January 2017 - Houseplants

December musing    
It’s the quiet time of year and even mad-keen gardeners are forced to garden inside their heads on days when the weather keeps them inside. Indoor gardening, using house plants, links the garden to the home and keeps the nature lover, deep within us all, going until spring begins to creep through the garden once again.

Indoor plants do more than that though. They help air quality because they give out oxygen that’s needed by us, whilst absorbing the carbon dioxide we exhale. Joseph Priestley demonstrated this beneficial arrangement between plants and animal life in the 1770s in his ‘bell jar’ experiment. He placed a live mouse in a sealed bell jar, completely on its own, and the poor thing perished in short order once the oxygen was used up. He then repeated his experiment, but this time he added sprigs of live mint to the jar. The mouse survived - as did the mint.

The BBC repeated the experiment using a human being in a television programme entitled ‘How to Grow a Planet’ in 2012. The brave volunteer was placed inside an airtight container in one of the biomes at the Eden Project in Cornwall. Oxygen levels rose steadily as 247 plants, including maize, banana, peace lily, ferns and mint, produced oxygen under artificial lights. The volunteer emerged fit and well, after 48 hours. It proves that house plants are more than purely decorative: they enhance the air.

Choose Wisely

The trick is choosing the right one, for some thrive in cool conditions and others love the heat. Some prefer shade and others like to bask. Whatever you choose though, there are five golden rules when it comes to keeping happy house plants.

  • Never place a plant on a sunny windowsill, even cacti and succulents find the magnified glare too much. Give them a bright position in good light.
    • Ambient temperatures that don’t vary wildly are best and keep them away from drafts.
    • Water sparingly in winter, but more often in summer.
    • Feed flowering houseplants with tomato feed (a potash-rich fertiliser) during the growing season.
    • Re-pot in spring if needed, using John Innes no 2 in most cases.

    Go for a Tropical Look

    The showy Bird of Paradise plant, Strelitzia reginae, produces exotic flowers between February and May. It’s not exactly for the windowsill, because it’s too substantial, so this one’s best on a floor in a space where it can shine. It’s an ideal plant for a heated conservatory for instance. An architectural plant, it comes from the southern and eastern parts of the Cape Province and northern Natal in South Africa, but it’s been grown at Kew since 1773. Sir Joseph Banks collected it and named it after Queen Charlotte, wife of George III, who lived at Kew Palace. You can cut the flowers, but if it’s allowed to produce fruits, which are black with a frilly orange aril, they are almost as exotic as the violet and orange-crested flowers.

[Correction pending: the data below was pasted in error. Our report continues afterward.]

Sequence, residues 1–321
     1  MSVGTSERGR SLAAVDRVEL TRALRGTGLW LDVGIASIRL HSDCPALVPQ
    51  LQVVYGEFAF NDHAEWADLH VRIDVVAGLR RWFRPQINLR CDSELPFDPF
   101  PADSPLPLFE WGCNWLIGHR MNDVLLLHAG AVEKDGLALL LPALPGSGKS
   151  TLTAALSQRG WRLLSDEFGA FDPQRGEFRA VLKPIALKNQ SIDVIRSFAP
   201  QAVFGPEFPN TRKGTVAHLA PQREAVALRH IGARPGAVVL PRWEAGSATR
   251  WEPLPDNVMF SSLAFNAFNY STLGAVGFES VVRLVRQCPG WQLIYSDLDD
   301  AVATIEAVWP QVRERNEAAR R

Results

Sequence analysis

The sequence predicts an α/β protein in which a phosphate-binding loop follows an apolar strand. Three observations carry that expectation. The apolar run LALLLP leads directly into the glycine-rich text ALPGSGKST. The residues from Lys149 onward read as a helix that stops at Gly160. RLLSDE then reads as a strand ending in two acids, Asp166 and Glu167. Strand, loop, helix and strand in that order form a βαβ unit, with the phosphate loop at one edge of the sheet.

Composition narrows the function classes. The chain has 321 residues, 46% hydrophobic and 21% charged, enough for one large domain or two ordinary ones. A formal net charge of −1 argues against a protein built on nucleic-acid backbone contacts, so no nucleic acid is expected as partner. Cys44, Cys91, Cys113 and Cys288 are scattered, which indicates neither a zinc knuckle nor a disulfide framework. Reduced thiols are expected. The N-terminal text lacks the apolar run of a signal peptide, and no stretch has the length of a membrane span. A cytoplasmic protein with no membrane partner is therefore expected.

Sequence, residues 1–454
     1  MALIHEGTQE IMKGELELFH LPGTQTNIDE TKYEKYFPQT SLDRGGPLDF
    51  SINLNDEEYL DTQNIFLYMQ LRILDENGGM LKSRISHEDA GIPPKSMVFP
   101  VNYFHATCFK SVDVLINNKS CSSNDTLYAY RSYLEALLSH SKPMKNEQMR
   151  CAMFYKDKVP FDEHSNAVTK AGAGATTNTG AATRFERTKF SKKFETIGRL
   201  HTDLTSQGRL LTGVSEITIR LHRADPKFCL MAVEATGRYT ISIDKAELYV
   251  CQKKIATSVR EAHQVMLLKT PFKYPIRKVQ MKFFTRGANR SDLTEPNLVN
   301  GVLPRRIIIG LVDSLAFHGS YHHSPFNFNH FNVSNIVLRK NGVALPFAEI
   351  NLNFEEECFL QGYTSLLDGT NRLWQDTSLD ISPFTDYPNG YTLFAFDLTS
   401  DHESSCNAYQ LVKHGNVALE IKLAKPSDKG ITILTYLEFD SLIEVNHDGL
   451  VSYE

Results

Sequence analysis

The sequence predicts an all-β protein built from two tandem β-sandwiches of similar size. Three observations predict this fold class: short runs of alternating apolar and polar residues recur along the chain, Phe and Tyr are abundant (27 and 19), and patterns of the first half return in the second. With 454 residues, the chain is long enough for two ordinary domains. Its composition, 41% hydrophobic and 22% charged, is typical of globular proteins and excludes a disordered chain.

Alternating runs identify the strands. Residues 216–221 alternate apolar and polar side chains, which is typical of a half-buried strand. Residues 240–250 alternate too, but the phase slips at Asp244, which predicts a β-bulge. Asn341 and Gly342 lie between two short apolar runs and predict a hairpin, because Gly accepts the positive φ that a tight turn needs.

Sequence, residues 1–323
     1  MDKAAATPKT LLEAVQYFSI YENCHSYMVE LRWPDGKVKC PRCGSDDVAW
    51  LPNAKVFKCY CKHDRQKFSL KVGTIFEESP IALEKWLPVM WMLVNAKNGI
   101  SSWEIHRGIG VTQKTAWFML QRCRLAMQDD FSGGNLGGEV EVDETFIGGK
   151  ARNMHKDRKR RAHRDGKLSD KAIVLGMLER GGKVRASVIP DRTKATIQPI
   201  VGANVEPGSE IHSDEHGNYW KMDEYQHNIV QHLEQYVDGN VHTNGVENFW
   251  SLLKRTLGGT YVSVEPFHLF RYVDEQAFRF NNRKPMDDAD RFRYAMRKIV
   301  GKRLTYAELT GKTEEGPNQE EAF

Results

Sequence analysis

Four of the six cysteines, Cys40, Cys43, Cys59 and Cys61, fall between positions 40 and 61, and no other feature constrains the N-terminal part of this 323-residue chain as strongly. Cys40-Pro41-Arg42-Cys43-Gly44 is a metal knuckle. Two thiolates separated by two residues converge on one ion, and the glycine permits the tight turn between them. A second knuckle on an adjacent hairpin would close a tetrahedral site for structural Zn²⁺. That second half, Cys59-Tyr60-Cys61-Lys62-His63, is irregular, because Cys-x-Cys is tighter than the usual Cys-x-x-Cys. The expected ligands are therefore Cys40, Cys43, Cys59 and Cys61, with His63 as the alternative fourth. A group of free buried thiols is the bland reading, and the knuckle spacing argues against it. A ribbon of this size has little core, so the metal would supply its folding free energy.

Like many South African plants from the eastern half of the Cape, Strelitzia enjoys lots of water in summer and drier conditions in winter. Temperatures of around 20C suit it well, but the flower set will relate to how much summer moisture it gets. A conservatory is ideal, but this frost-tender plant can be placed outside in summer - but do water it copiously in dry summers if you want it to flower well.

    Flamingo flowers, or anthuriums, look almost as exotic as strelitzias, but these compact plants fit into the home more easily. The glossy foliage is almost spoon-like and the stems are topped with colourful arum-like bracts often in vivid shades such as red and pink. These surround a finger (or spadix) of small flowers. They grow in warmer parts of America, Mexico and the Caribbean so give them a light position during the winter months where they're out of direct sunlight, and their flower-like bracts will give you weeks of interest. They will need a period of dormancy after flowering, so stop watering, and after six weeks they’ll start off all over again.